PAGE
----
February 02, 2005

Did The Kurds Win Big?

One more thing on post-election Iraq. Can anyone doubt that the Kurds have made out like bandits in all of this? For one, as I posted on MoJo earlier today, any governing coalition led by some subset of the Shi'ites will need to rely on Kurdish support, which means that their demands will get ample hearing. For two, the Kurdish leaders are all far more experienced at the process of political maneuvering than anyone else. Ahmed Chalabi may have the con man game down pat, but what does he know about logrolling? Ditto Abdul Aziz-Hakim, or Ghazi al-Yawer, or even Iyad Allawi.

So while the rest of the Iraqi government is skittering around trying to hash out simply procedural rules, and figuring out what to compromise on, the Kurds can present a rather united front. They know exactly what they want—autonomy with strong claims to Kirkuk—and they have the army to back themselves up. Plus, the Kurdish people want independence. Kurdish leaders are skittish about this, but the pressure at home will no doubt force them to demand as much as possible. Barzani and Talabani will make Tom DeLay look unfocused and aimless.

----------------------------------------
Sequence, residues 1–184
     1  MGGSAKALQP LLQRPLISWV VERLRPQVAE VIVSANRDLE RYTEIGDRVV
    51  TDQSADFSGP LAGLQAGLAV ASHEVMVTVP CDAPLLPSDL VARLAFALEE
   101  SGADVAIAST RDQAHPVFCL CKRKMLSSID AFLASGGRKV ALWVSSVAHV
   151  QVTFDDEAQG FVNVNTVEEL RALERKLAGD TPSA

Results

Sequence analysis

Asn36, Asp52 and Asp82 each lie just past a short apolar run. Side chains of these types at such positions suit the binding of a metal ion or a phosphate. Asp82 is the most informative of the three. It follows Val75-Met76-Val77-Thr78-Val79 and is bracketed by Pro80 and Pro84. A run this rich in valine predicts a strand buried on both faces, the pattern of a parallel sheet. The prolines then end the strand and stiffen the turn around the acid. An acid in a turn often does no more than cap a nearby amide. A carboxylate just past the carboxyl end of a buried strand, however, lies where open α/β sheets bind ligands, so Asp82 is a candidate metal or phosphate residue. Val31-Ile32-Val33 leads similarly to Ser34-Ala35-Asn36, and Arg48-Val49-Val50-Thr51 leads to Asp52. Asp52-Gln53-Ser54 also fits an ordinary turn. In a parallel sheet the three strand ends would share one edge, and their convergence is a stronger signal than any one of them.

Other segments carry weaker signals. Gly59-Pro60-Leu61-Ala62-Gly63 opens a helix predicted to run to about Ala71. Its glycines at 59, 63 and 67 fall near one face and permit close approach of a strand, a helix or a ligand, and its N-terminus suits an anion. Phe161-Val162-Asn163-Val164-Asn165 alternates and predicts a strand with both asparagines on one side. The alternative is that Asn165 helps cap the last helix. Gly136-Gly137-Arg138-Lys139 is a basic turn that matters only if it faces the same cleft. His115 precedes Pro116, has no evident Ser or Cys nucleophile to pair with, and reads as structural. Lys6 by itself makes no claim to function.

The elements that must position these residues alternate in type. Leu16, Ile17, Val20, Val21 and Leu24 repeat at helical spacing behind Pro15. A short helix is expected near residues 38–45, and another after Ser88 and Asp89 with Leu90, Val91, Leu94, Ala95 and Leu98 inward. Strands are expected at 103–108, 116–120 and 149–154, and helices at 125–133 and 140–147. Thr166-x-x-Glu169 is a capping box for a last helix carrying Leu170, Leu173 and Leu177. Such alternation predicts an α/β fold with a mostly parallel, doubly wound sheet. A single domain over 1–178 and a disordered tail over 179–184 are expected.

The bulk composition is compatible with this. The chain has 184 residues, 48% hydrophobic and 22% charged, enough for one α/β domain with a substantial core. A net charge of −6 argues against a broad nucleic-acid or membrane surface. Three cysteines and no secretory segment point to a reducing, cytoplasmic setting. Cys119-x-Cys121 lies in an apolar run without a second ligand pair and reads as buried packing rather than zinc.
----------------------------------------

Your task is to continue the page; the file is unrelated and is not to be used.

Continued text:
Insofar as the Kurds have been screwed for decades and will now get more than a fair shake, this is all a good thing. Insofar as overly strong Kurdish victories on Kirkuk and the question of autonomy will only fuel resentment and possibly provoke a civil war (or a larger Middle Eastern conflict with Turkey or Syria), this is a bad thing. Insofar as Kurdistan will now be governed by two corrupt and wholly despicable ruling parties that will only see their hands strengthened by national legislative victories, this is a terrible thing. Does that all balance out? I dunno.
-- Brad Plumer 2:34 AM || ||